The challenge of forestry is to create systems that have an acceptable social impact whilst sustaining the natural resources that are affected by commercial plantations. Asia Plantation Capital is at the forefront of this industry and intends to continue to pioneer new concepts in sustainable forestry such as developing our own natural fertiliser and inter-planting with species that naturally support the forest ecosystem. Modern forestry generally concerns itself with assisting forests to provide timber as raw material for wood products, wildlife habitat, natural water quality management, recreation, landscape and community protection, employment, aesthetically appealing landscapes, biodiversity management, watershed management, erosion control, and a ‘sink’ for atmospheric carbon dioxide. Forest ecosystems have come to be seen as the most important component of the biosphere and forestry has emerged as a vital field of science, applied art, and technology.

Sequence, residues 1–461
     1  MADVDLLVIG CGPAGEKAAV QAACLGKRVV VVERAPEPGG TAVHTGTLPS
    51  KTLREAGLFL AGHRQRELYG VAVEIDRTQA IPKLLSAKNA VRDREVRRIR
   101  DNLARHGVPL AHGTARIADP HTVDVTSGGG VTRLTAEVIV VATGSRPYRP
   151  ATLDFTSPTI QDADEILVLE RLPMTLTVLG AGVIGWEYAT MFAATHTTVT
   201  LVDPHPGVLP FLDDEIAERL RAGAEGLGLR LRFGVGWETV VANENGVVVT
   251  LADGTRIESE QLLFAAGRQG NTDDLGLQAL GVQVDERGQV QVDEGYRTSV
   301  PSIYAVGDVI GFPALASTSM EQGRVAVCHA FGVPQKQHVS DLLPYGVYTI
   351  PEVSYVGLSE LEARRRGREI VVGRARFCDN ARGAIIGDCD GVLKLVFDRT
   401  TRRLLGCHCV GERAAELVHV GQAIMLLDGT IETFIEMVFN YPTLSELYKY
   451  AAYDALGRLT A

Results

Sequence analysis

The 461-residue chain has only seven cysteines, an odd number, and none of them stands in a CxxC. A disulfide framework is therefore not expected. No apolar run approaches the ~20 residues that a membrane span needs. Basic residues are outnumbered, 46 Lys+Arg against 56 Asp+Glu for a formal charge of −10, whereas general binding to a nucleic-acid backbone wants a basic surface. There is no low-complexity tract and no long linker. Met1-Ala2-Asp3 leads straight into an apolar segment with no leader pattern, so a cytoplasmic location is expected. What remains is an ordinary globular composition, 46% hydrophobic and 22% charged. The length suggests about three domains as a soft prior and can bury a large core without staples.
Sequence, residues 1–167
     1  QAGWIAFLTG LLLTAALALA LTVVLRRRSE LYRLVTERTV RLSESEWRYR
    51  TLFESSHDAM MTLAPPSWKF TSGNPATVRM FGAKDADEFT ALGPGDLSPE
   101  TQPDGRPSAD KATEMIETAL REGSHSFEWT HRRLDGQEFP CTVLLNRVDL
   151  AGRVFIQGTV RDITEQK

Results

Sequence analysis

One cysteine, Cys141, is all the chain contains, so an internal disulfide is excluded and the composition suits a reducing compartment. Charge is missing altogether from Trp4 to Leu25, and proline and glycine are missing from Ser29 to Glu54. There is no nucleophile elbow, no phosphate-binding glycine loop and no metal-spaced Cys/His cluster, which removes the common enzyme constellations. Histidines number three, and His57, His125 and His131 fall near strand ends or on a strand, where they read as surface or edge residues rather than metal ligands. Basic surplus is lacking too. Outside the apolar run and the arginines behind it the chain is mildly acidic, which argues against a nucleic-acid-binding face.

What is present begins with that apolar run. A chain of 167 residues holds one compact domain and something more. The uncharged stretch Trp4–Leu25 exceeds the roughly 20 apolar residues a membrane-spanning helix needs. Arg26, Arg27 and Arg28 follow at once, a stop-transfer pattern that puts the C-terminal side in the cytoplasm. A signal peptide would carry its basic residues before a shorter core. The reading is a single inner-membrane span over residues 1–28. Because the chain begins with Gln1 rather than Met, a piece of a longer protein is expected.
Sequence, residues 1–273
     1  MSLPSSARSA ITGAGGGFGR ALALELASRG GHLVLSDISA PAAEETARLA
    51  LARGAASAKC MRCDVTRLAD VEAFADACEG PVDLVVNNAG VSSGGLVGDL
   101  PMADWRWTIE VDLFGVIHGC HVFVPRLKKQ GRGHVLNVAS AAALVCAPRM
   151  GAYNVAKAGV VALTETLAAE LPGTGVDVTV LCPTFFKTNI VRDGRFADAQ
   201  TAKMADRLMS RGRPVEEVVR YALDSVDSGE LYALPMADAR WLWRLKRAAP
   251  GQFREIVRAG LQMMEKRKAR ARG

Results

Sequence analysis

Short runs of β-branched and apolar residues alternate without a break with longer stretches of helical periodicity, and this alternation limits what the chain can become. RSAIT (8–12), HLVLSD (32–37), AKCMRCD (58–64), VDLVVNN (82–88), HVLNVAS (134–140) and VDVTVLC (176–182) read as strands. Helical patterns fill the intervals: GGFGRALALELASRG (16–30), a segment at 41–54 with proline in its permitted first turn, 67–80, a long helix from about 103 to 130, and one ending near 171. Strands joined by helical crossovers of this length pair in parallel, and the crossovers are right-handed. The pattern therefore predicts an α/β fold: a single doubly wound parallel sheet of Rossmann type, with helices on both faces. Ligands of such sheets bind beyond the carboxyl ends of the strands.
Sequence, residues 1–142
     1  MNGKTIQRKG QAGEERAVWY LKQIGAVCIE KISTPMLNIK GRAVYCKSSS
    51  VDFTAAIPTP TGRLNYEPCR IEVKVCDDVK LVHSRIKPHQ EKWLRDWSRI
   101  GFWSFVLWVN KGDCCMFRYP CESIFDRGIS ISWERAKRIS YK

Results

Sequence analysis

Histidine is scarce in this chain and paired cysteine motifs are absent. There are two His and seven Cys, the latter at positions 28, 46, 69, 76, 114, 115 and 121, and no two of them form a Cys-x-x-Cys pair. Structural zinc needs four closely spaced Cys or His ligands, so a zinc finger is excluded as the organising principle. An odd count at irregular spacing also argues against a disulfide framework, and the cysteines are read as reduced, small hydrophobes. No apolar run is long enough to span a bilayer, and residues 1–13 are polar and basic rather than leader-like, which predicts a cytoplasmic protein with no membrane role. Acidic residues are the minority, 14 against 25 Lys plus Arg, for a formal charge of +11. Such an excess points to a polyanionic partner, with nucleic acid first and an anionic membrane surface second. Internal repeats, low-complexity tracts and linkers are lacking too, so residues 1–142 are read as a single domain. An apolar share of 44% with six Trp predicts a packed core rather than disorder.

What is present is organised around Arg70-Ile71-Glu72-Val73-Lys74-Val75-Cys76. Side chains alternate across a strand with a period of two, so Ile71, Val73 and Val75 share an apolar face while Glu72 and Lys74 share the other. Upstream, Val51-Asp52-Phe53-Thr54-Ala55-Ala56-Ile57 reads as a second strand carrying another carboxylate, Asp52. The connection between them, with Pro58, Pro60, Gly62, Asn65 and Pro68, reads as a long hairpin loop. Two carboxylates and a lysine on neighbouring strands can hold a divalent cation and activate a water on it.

Traditional forest management plans focus on providing logs used for timber, veneer, plywood, paper, wood fuel or other industries. Hence, considerations of product quality and quantity, employment and profit have been of central, though not always exclusive importance. Foresters frequently develop post-harvest site plans for reforestation, weed control, fertilisation or thinning. The objectives of landowners and leaseholder influence plans for harvest and subsequent site treatment.
In Sri Lanka, plans featuring ‘good forestry practice’ must always consider the needs of other stakeholders such as nearby communities or rural residents living within or adjacent to forested areas. We consider tree felling and environmental legislation when developing our strategies.